Direct links between proprietary BIM developers (commercial companies) do not require any modification of the native file format. An example of this includes Autodesk’s RVT format for its BIM tool suite. In this case, a single native file type is exchangeable across a single software platform. Proprietary exchange formats, on the other hand, allows information to be transferred between different types of software programs developed by a single company, such as Autodesk’s Direct eXchange Format (DXF), which communicates CAD data between current and legacy version. An attempt to bridge BIM model information across AEC industry groups has resulted in the development of a public open-standard exchange format known as the Industry Foundation Class (IFC), which has been supported by the buildingSMART International Alliance for Interoperability (IAI), a non-profit industry led international organization. The IFC is currently the most likely option for increasing interoperability between AEC industry groups, but at present there are still barriers to its adoption and use. Finally, there are eXtensible Markup Language (XML) exchange formats, which are based on HTML language used over the Web. The benefit of XML is that it can support small amounts of specific data between software applications. For example, gbXML, which refers to ‘green building’ XML-format, includes data about heating and cooling information typically used in thermal analysis programs. To be sure, there isn’t a single exchange format solution that will solve all BIM-related interoperability challenges and the success of BIM implementation will depend on continued support and development of these various exchange strategies.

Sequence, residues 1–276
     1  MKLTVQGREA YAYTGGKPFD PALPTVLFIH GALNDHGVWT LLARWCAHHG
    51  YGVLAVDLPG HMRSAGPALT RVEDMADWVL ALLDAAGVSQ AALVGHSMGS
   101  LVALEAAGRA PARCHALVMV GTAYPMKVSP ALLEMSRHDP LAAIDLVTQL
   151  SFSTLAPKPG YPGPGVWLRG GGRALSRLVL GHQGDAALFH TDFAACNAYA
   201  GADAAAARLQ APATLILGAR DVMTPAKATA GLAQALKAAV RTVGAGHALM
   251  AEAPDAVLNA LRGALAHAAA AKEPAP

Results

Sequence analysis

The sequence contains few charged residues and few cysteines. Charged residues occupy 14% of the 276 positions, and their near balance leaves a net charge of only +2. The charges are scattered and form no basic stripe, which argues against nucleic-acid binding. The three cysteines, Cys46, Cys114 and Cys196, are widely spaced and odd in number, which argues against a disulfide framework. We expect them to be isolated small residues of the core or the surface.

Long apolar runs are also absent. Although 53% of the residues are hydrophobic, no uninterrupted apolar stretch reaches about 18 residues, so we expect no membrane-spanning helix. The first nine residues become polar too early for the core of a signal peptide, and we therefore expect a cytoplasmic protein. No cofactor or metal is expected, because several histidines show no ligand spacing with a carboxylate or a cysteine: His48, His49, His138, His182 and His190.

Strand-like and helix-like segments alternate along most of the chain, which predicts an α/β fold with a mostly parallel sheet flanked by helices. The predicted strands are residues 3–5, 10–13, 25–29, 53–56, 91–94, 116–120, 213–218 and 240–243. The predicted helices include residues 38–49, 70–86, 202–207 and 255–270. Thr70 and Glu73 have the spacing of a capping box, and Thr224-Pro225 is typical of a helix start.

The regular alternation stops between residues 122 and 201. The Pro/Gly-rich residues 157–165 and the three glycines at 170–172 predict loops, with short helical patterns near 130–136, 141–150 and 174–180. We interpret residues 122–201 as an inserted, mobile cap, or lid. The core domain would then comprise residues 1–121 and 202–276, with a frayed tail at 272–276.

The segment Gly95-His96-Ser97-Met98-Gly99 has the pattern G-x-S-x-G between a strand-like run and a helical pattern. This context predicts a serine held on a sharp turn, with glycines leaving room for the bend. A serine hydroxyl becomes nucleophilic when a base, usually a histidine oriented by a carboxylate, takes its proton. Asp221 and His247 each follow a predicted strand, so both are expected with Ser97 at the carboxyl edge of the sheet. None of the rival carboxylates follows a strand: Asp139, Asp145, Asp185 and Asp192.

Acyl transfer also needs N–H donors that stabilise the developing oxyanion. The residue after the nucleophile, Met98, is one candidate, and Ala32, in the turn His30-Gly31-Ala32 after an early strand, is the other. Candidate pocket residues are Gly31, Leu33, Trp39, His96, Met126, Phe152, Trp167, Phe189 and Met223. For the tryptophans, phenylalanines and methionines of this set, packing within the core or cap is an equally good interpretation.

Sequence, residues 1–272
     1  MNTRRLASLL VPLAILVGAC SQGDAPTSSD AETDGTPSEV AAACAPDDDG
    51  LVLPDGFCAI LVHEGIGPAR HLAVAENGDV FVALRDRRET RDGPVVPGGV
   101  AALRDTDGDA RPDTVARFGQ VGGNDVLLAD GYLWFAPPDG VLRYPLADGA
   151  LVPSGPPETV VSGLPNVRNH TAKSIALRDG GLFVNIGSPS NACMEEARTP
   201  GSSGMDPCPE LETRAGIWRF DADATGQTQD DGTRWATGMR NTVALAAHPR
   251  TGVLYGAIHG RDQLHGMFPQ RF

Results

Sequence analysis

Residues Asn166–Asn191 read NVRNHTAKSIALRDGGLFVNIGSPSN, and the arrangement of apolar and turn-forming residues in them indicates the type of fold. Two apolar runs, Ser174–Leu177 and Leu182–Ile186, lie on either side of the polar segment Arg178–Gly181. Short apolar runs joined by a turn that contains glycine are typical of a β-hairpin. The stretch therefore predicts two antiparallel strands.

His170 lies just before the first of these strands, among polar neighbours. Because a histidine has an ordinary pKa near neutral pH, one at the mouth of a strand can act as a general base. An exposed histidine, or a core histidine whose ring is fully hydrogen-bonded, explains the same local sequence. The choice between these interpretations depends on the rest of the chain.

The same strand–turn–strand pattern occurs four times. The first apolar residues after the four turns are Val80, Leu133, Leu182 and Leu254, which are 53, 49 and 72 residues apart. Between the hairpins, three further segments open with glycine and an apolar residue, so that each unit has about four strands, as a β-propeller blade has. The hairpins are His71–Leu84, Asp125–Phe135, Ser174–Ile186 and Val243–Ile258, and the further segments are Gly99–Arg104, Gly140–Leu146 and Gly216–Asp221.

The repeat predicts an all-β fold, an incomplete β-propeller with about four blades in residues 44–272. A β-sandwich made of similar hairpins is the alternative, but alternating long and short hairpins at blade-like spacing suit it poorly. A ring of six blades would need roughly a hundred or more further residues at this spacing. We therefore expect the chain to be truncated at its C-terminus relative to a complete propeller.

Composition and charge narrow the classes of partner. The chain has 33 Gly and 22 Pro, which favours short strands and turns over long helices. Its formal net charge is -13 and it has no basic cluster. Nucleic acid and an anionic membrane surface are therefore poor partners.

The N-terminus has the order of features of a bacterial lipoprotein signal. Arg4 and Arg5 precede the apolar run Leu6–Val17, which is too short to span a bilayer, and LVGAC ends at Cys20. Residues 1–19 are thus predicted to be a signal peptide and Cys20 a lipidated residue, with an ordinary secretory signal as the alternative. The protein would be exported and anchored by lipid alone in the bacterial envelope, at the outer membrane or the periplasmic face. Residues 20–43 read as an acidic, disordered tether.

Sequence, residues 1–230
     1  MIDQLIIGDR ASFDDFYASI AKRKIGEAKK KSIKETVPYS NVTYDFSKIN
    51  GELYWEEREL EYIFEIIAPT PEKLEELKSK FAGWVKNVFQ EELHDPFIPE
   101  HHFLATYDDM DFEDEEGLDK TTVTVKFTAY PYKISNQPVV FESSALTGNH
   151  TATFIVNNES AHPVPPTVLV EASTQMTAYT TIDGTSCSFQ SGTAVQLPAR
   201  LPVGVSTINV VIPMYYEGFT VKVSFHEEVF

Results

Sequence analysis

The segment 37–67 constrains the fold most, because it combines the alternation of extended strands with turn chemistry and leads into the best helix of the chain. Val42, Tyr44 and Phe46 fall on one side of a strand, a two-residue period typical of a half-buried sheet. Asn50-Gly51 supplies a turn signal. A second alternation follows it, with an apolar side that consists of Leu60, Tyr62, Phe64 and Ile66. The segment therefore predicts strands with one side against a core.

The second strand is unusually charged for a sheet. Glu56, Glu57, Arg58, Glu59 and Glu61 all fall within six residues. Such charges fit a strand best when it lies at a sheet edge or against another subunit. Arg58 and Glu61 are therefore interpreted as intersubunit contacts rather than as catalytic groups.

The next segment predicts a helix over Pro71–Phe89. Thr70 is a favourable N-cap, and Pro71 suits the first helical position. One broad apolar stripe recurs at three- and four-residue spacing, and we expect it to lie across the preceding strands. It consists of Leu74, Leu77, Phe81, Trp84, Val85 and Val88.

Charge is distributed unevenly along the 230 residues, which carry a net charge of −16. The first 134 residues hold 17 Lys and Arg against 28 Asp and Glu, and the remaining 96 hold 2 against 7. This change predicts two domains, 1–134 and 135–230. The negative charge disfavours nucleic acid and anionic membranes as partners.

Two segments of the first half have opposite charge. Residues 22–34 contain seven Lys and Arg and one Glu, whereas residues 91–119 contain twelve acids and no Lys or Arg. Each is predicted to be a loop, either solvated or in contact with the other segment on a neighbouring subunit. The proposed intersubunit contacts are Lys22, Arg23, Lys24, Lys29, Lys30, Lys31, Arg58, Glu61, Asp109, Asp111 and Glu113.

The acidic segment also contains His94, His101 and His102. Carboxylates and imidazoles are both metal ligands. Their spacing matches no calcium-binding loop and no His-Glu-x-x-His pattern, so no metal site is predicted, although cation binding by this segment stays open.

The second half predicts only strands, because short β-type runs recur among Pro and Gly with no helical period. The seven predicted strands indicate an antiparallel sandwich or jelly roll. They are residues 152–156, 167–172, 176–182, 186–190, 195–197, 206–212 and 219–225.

A major opportunity through implementing BIM is earlier collaboration among the design team, which supports the goals of Integrated Project Delivery (IPD). The American Institute of Architects (AIA) defines IPD as the following:
IPD leverages early contributions of knowledge and expertise through utilization of new technologies, allowing all team members to better realize their highest potentials while expanding the value they provide throughout the project lifecycle.
At the core of an integrated project are collaborative, integrated and productive teams composed of key project participants. Building upon early contributions of individuals expertise, these teams are guided by principles of trust, transparent processes, effective collaboration, open information sharing, team success tied to project success, shared risk and reward, value-based decision making, and utilization of full technological capabilities and support. The outcome is the opportunity to design, build, and operate as efficiently as possible.